A mass grave in Dorset containing 54 decapitated skeletons was a burial ground for violent Viking mercenaries, according to a Cambridge archaeologist.
The burial site at Ridgeway Hill was discovered in 2009.
Archaeologists found the bodies of 54 men who had all been decapitated and placed in shallow graves with their heads piled up to one side.
Carbon dating and isotype tests revealed the bodies were Scandinavian and dated from the 11th Century.
At this time Vikings were constantly attacking Anglo-Saxons on the English south coast.
Dr Britt Baillie, from the University of Cambridge, said she believed the killings could have taken place during the reign of Aethelred the Unready.
Following a series of Viking attacks he had ordered all Danish men living in England to be killed on 13 November, St Brice's Day in 1002.
The killings which ensued became known as the St Brice's Day massacre.
Remains have been found in Oxford and it is thought that massacres also took place in London, Bristol and Gloucester.
However, Dr Baille said in some respects the killings at Ridgeway Hill were unique.
Unlike the frenzied mob attack that took place at Oxford, all the men were murdered methodically and beheaded in an unusual fashion from the front.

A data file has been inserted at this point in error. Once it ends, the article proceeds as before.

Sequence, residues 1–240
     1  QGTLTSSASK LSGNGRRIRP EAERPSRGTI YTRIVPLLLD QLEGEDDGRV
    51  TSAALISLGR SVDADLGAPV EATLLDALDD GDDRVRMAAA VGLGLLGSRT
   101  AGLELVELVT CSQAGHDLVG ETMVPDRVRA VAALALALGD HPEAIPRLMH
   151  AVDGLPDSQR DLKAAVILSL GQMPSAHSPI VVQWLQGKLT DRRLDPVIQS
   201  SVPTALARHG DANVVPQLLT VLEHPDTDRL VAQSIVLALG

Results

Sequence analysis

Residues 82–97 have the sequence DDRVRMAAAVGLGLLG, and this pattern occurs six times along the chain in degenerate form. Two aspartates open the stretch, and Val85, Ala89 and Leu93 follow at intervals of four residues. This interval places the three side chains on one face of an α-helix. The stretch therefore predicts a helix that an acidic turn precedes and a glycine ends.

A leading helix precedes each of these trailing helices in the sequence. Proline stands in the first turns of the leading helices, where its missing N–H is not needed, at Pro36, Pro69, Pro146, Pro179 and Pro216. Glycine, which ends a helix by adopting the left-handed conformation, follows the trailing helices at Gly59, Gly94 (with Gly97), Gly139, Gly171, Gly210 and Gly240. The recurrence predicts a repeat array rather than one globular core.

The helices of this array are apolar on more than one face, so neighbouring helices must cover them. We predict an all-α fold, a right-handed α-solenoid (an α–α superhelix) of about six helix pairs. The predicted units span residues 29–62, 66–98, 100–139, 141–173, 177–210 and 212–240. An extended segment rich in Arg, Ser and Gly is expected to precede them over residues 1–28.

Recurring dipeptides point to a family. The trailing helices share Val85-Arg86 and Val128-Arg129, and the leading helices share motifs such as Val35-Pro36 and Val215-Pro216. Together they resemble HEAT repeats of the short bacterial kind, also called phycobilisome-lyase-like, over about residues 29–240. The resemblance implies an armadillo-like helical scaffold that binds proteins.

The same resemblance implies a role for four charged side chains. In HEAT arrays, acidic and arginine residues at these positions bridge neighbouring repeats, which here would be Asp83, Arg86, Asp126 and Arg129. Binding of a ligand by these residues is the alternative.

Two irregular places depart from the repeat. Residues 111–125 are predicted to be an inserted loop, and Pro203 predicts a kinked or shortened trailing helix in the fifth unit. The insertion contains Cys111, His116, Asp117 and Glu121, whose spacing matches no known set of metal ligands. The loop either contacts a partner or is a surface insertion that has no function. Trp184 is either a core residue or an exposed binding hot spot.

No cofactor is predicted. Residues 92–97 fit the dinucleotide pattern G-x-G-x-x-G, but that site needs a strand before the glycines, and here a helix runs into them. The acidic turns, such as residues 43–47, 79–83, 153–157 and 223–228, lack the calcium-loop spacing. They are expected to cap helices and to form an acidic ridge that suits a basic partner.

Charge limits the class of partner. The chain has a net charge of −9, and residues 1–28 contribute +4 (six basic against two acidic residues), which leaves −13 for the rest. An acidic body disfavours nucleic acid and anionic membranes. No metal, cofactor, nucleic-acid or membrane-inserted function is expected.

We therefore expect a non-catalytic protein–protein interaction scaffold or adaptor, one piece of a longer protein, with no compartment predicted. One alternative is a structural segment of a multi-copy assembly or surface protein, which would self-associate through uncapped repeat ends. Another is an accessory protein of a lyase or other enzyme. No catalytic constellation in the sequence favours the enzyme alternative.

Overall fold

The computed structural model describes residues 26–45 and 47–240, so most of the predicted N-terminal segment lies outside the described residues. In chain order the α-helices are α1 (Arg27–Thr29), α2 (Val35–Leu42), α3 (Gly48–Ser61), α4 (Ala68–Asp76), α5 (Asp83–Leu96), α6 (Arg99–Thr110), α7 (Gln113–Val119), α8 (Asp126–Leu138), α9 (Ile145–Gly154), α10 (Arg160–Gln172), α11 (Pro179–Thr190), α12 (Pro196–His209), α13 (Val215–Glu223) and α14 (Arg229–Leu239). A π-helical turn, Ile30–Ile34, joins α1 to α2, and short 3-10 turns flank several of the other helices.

The Cambridge academic said she believed the skeletons belonged to a group of Viking killers who modelled themselves on a legendary group of mercenaries.
They were the Jomsvikings, founded by Harald Bluetooth and based at Jomsborg on the Baltic coast.
The Jomsvikings became known throughout the medieval world for their strict military codes, which included not showing fear and never running away in the face of the enemy unless completely outnumbered.
This could have led to the men being beheaded from the front, rather than being killed as they tried to escape.
Dr Baillie also found evidence for the men being imitators of Jomsvikings, in their teeth.
One man's teeth had incisions which could suggest that he had filed them himself to demonstrate his bravery.
Both of these features led Dr Baillie to believe that this was a group of mercenaries imitating the Jomsvikings, if not the Jomsvikings themselves.
Aethelred's second wife Queen Emma is known to have recorded a group of Viking killers in England at the time, led by Thorkel the Tall, an alleged Jomsviking.